Information Technology and Artificial Intelligence in Japan Today


Atsushi Tsuchida, Executive, GR Japan, explores the Abe administration’s focus on promoting ICT and information intelligence at the heart of their policy priorities

From early in its tenure, the Abe administration has positioned information and communication technology (ICT) promotion as a key policy area, placing particular emphasis on Artificial Intelligence (AI), the Internet of Things (IoT), and Big Data.

The government believes that the promotion of ICT facilitates economic growth, and expects technological innovation to prove instrumental in achieving its 600 trillion yen GDP target. A broad range of sectors including agriculture, transportation, manufacturing, healthcare, retail and services all stand to benefit from efficiency gains, productivity increases and cost reductions that can be achieved through the practical application of ICT. ICT also offers the added benefit for the government of supporting Japan’s many Small and Medium- sized Enterprises (SMEs) and fostering local economic growth.

The impact and focus of government promotion will vary from sector to sector. For healthcare, the government is promoting the use of robots to reduce the workload of nursing care staff; in agriculture, it aims to facilitate automation of primary production processes; whereas for SMEs, the government is looking to robots to reduce operating costs; and in the service sector it pins its hopes on ICT facilitating greater personalisation. Meanwhile, the government is promoting open innovation in financial services as a means of establishing “FinTech ecosystems”.

Business-friendly environment

In the public sector, the Abe Cabinet hopes to leverage ICT to simplify administrative procedures and achieve regulatory reforms that promote a business-friendly environment for domestic and foreign businesses. Deliberation of a special ICT promotion law formulated by the Cabinet Secretariat and Ministry of Economy, Trade and Industry (METI) will likely begin shortly after the Diet reconvenes later this year.

The government has launched various collaborative public-private partnerships that involve R&D collaboration between the industry, government and academia aimed at leveraging ICT innovation to gain a competitive edge. Participants have expressed particular enthusiasm for AI, which has become the focus of much of this collaboration and a topic of discussion heating up all across Japan.

Two key reports, the “Interim Report on the New Industrial Structure Vision” released by METI in April and “Report 2016: Impacts and influences of net-worked AI” released by the Networked AI Review Council of the Ministry of Internal Affairs and Communications (MIC) in June, highlight the acceleration in the development, implementation and deployment of AI technology in Japan.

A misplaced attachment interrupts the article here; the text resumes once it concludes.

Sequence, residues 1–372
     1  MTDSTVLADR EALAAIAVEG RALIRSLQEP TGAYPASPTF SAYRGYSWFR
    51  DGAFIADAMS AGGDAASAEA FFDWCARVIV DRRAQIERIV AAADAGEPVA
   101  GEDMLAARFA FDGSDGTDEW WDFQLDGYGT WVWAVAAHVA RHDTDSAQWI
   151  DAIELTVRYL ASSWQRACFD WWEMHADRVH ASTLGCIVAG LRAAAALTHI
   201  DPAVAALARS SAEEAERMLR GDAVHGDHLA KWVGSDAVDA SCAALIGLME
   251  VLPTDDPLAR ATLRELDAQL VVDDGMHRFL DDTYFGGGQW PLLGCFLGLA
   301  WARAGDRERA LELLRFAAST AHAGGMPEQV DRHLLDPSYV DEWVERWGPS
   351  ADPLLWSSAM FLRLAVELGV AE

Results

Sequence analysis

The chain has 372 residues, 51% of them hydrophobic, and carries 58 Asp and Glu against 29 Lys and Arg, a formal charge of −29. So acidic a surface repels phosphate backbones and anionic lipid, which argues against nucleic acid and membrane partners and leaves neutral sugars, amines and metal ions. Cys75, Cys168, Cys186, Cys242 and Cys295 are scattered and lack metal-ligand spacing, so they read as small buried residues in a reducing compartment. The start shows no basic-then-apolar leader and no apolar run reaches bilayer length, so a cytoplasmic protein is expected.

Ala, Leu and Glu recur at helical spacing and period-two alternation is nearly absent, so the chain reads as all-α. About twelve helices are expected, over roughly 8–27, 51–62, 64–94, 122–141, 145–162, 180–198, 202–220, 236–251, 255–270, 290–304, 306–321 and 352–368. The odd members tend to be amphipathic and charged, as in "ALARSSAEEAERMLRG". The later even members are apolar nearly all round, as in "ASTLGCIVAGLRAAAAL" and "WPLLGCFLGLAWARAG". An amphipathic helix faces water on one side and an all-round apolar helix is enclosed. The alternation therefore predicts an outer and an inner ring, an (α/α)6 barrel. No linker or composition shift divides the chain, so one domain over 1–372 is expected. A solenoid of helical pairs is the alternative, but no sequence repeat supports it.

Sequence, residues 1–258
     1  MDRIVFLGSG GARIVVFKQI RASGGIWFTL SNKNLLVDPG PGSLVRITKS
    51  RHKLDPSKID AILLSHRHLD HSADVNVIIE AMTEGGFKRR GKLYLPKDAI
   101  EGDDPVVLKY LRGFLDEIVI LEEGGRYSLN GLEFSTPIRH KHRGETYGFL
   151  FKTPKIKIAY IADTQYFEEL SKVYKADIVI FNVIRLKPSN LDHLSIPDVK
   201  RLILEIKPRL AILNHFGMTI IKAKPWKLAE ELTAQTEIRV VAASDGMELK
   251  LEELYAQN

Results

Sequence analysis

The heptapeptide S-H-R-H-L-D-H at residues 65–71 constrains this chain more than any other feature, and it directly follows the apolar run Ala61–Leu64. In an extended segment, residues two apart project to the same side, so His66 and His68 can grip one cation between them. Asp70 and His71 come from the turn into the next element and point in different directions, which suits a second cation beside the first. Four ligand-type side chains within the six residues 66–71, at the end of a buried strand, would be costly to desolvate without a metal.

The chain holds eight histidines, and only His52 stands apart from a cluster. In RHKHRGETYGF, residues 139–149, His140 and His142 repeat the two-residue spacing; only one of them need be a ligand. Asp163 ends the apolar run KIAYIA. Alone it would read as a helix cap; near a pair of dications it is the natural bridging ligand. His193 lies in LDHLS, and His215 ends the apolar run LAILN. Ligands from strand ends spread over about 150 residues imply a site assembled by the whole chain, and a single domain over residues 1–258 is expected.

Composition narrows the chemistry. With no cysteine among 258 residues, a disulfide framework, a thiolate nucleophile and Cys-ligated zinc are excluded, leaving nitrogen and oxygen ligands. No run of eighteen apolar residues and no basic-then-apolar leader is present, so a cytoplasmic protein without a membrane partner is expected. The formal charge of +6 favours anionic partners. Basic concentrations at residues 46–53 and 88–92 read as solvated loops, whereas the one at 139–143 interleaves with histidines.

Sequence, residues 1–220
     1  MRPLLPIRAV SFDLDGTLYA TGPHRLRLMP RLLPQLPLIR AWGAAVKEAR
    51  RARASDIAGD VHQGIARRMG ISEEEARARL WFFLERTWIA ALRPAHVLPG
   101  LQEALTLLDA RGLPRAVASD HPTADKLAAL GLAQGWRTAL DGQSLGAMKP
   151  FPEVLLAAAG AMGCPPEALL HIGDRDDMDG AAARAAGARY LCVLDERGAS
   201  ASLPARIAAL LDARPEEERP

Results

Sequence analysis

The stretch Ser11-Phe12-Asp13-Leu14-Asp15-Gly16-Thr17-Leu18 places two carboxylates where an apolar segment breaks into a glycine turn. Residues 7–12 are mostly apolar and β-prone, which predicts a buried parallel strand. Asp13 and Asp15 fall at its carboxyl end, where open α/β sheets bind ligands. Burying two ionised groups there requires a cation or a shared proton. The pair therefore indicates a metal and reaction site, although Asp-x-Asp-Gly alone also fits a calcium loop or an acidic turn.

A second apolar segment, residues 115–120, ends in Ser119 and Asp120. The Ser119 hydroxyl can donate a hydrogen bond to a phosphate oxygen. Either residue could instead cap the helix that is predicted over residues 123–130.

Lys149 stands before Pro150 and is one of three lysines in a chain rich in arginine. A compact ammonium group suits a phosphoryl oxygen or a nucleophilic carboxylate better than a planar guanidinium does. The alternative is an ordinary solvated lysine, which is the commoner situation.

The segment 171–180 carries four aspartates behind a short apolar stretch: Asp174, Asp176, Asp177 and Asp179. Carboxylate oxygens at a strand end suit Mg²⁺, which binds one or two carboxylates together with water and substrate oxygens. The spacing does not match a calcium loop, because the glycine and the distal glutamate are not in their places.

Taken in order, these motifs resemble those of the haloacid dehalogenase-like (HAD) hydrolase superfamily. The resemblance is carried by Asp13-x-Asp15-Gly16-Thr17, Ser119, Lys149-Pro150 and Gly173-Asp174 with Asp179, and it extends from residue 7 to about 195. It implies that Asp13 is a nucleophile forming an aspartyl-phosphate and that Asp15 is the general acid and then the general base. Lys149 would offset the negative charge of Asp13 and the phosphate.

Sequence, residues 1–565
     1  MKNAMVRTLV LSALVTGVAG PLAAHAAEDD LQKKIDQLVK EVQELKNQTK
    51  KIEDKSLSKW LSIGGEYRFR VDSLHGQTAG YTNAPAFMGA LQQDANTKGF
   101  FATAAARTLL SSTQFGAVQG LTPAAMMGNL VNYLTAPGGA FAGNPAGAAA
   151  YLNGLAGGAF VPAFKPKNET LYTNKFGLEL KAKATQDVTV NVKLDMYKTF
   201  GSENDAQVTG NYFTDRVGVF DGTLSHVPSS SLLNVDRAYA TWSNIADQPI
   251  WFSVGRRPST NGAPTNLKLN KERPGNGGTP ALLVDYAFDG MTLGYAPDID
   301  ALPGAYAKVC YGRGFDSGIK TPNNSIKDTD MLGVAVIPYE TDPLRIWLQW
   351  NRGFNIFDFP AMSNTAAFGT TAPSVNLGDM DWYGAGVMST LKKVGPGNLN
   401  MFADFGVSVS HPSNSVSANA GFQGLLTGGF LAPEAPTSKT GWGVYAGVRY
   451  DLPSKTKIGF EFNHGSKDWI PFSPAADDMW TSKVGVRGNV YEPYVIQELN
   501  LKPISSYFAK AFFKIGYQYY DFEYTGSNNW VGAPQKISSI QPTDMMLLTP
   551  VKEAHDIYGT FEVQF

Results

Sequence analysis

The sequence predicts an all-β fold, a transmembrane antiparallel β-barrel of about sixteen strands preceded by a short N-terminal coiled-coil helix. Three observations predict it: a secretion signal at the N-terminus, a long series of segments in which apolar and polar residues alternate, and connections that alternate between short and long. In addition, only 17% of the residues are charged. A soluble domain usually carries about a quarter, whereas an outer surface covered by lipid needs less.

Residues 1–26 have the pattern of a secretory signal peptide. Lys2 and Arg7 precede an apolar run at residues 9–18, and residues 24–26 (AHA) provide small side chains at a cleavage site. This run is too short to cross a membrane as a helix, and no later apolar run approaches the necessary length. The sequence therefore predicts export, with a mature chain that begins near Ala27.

These reports illustrate the extent to which AI, having achieved its earlier objective of beating humans at a game of Go, now promises the allure of a new industrial revolution with Japanese technology at its center.

In the field of transport, Japan has set an ambitious goal of hosting fully automated vehicles by 2020 following the widely reported commencement of level 2 automation tests by Tesla Motors. In financial markets, Japanese researchers are exploring AI-enabled decision-making applications that process massive volumes of real-time data pertaining to weather, economics and even politics in order to facilitate precise split-second decisions beyond the capacity of human intellect and judgment. In hospitals, meanwhile, AI-enabled software may soon help physicians identify patterns in medical data and suggest effective medical treatments. These are just a few examples of the great promise the Japanese government sees in applied AI as a means of regaining Japan’s competitive leadership in the world economy.

As Japan’s enthusiasm for AI approaches exuberance technology gurus and leading academics have begun calling for safeguards, highlighting the need to think about scenarios in which computers become smarter than their programmers and begin basing decisions on their own interests. High-level AI could commandeer lower-level programming and reorganize it in a manner considered unsuitable by humans. In a worst-case scenario, some have said, AI could mimic the logic of terrorists and implement extreme means of achieving its objectives.

AI faces issues pertaining to security, network systems, cybercrime, liability, privacy, consumer protection, intellectual property rights, and human dignity that remain unsolved. Japan has commenced broad government-to-government discussions regarding best practices for the use and regulation of AI that have piqued keen interest among industry players and observers alike. The policy debate and implications of AI for our lives are sure to intensify.

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Screenshot 2016-09-05 14.30.03This article appeared in an eight page special report produced in association with GR Japan. Click here to download the report